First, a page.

Deborah Yaffe

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By Deborah Yaffe, Jun 11 2018 01:00PM

Thirty-fourth in an occasional series of excerpts from Jane Austen's letters.


The story of Jane Austen fandom has been told more than once, in books by Claire Harman, Claudia L. Johnson, Devoney Looser, Deidre Lynch (as editor), and (ahem!) myself. Austen devotees have been located among those who read her novels soon after their publication in 1813-17, among those who first devoured her nephew’s hagiographic 1869 memoir, and among those who swooned over Colin-Firth-in-a-wet-shirt in the 1995 BBC adaptation of Pride and Prejudice.


Arguably, however, the first mention of a Jane Austen fan outside Austen’s own family – a Janeite Patient Zero, as it were -- comes in the letter Austen wrote to her sister, Cassandra, exactly 219 years ago today (#21 in Deirdre Le Faye’s standard edition of Austen’s correspondence).


The twenty-three-year-old Austen is staying with relatives in Bath while Cassandra remains behind in Steventon. Amid a bubbly account of what she’s done, who she’s met, and what she’s bought, Jane mentions the Austen sisters’ great friend Martha Lloyd, who has apparently asked Cassandra if she can see the manuscript of First Impressions, the early Austen work that we believe eventually became Pride and Prejudice.


“I would not let Martha read First Impressions again upon any account, & am very glad that I did not leave it in your power,” Jane writes jokingly to Cassandra. “She is very cunning, but I see through her design;—she means to publish it from Memory, & one more perusal must enable her to do it.”


And there you have it: Martha Lloyd, the friend who a decade later set up housekeeping with the Austen sisters and their mother at Chawton cottage, is the first obsessive Austen re-reader for whom we have documentary evidence – the prototype of those people who read all the novels every year, recite dialogue by heart, and mentally file everyone they meet under headings like “Lady Catherine” and “Mr. Collins.”


Welcome to the club, Martha.


By Deborah Yaffe, Nov 9 2017 02:00PM

As this Jane Austen bicentenary year nears its close, I’m happy to report that I’ll get to play a small part in the local commemoration: I’ll be speaking on Among the Janeites and Austen fandom at the Monmouth County Library this Sunday, November 12. The library is located at 125 Symmes Drive in Manalapan, New Jersey.


The library is planning a full afternoon of Austen-bicentenary commemoration: My talk and book-signing will run from 2 to 3 pm and will be followed by a radio play of Pride and Prejudice, which sounds like a lot of fun.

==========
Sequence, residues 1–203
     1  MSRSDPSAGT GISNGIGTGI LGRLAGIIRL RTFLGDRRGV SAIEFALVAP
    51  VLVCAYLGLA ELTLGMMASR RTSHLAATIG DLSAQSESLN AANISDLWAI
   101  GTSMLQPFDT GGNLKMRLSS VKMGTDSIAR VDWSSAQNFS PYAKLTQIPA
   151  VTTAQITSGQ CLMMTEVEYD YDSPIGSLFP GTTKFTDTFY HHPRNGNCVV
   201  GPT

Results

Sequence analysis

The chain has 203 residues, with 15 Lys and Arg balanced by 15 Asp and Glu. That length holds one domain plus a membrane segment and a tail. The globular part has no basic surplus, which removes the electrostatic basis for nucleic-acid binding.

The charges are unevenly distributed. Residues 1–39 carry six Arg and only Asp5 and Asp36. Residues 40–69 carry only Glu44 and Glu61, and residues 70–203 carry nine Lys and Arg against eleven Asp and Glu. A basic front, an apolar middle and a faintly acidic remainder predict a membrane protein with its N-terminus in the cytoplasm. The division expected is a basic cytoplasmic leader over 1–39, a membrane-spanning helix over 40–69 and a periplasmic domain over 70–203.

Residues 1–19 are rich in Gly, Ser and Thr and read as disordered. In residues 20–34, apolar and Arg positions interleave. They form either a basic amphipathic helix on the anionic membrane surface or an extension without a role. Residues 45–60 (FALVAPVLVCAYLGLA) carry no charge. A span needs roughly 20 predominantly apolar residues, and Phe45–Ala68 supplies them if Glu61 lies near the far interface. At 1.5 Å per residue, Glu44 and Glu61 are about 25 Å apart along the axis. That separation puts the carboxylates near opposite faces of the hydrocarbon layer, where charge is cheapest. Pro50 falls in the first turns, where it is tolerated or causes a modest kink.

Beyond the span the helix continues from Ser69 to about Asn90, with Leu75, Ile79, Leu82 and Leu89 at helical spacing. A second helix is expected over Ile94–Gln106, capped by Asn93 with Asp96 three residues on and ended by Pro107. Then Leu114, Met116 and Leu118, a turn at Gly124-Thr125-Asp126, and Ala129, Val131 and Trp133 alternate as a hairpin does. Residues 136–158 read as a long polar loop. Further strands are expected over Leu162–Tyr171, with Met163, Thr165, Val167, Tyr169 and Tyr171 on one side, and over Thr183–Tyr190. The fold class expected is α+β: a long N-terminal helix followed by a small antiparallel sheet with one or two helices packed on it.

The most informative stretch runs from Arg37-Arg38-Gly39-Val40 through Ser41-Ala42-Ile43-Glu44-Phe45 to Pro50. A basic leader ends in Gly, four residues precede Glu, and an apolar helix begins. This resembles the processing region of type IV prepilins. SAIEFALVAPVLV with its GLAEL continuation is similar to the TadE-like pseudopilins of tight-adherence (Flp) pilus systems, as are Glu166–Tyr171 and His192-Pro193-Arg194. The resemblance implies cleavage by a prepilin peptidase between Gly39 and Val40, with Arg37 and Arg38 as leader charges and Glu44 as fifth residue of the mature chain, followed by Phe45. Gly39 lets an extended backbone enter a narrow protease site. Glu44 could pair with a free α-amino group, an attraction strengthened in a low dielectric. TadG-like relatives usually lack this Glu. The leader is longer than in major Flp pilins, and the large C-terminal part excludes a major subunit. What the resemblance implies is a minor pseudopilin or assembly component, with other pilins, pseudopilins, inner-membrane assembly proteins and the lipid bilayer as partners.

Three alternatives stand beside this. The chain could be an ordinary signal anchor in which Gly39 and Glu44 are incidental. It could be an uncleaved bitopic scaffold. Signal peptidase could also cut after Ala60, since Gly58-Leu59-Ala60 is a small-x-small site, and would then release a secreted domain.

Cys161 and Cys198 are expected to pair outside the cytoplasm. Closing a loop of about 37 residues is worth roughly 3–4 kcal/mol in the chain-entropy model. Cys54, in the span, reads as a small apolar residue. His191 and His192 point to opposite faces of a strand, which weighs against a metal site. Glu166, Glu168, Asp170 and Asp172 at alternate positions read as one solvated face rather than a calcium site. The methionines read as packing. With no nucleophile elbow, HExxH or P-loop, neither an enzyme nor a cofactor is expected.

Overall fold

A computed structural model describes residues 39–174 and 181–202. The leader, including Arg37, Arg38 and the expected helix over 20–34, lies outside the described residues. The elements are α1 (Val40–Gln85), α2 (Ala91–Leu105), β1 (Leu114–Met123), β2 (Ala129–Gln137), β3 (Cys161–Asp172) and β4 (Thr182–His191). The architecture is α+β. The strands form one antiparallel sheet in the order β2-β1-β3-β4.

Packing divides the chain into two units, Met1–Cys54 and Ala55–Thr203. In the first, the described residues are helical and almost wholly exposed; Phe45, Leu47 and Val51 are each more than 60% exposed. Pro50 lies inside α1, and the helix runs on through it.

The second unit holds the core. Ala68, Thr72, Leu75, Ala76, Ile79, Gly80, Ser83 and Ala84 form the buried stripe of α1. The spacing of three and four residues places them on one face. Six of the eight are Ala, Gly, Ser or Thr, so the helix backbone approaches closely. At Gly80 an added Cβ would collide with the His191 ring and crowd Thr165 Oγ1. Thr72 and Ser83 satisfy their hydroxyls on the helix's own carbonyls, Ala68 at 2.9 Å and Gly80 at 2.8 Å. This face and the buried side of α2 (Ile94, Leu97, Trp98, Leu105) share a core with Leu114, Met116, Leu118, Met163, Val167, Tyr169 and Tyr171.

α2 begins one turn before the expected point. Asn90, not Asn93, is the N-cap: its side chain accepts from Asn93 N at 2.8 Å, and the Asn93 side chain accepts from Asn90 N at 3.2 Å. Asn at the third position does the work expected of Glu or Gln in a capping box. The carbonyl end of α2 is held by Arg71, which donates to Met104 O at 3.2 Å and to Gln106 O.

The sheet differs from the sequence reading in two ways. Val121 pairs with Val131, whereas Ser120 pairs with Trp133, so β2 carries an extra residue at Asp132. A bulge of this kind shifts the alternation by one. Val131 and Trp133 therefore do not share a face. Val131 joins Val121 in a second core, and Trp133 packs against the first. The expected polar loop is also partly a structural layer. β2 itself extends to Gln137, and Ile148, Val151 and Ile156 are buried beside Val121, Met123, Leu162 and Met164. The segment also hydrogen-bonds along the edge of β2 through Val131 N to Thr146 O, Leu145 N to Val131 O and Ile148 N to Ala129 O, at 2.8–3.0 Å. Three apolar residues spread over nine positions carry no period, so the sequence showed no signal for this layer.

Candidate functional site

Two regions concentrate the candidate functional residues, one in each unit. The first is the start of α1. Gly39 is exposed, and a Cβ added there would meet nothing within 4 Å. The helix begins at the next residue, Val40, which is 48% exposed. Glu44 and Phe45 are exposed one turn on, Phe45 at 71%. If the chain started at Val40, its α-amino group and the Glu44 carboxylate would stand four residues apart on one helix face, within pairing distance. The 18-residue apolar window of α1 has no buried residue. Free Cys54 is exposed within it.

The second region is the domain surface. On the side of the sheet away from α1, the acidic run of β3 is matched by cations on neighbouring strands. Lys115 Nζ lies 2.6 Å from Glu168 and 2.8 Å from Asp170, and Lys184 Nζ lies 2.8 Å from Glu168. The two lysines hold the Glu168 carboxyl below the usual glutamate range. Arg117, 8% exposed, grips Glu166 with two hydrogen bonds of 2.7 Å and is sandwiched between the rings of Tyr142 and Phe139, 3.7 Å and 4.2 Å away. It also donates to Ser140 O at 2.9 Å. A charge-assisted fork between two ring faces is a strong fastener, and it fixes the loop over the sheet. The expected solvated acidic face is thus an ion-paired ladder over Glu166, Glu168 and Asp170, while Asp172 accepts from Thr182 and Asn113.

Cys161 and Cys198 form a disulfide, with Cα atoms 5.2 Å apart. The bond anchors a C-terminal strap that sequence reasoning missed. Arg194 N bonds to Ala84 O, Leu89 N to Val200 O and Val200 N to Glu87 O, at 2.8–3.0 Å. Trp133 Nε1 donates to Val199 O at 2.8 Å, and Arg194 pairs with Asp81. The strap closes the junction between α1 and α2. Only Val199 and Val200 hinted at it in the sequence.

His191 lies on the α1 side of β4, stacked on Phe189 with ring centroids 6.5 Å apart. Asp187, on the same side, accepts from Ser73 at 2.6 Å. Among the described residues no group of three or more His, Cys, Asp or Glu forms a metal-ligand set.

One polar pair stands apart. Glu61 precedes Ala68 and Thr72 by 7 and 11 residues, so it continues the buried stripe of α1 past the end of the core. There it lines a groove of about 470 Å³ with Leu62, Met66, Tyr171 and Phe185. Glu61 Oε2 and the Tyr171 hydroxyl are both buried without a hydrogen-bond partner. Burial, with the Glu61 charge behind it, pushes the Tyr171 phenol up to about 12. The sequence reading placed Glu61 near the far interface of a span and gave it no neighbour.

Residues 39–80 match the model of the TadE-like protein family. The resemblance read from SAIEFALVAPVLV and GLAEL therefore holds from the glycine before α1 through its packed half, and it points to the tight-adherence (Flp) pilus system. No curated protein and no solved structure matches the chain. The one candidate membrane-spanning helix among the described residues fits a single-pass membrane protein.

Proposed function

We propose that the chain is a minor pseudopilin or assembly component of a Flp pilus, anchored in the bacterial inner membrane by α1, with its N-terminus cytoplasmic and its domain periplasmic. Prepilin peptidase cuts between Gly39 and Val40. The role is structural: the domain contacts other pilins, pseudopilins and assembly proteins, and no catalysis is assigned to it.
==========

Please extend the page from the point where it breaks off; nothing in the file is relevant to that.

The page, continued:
Hope you can stop by!


By Deborah Yaffe, Sep 17 2015 01:00PM

My next book talk will take place this coming Sunday, September 20, from 2-4 pm in Jackson, MS: I’ll be speaking to the Mississippi branch of the Jane Austen Society of North America. A reception will follow the talk, and of course I’m always thrilled to sign Among the Janeites for anyone kind enough to buy a copy.


The talk will be held at the Eudora Welty Library, 300 North State Street in Jackson. Let us just contemplate for a moment the delightfulness of a library named after a writer, rather than after someone who gave a bunch of money to build it. (Although I hasten to add that I’m all in favor of people who have a bunch of money using it to build libraries.)


All the details are on the Events page of my website. The local paper in Jackson also ran a story about the event and its host, the Mississippi JASNA chapter. If you plan to be in Jackson on Sunday, please drop by!


By Deborah Yaffe, Oct 21 2013 01:00PM

I’ve been taking my vitamins faithfully, and I trust I’ll be healthy enough tonight to deliver the talk at the Princeton Public Library that I had to cancel last month because of illness.


I’ll be speaking about and signing Among the Janeites, starting at 7 pm in the Community Room of the library, 65 Witherspoon Street in Princeton, NJ. The talk is free and open to the public -- no tickets required. And the library is a beautiful and inspiring public space, well worth seeing for its own sake.


I hope to see you tonight!


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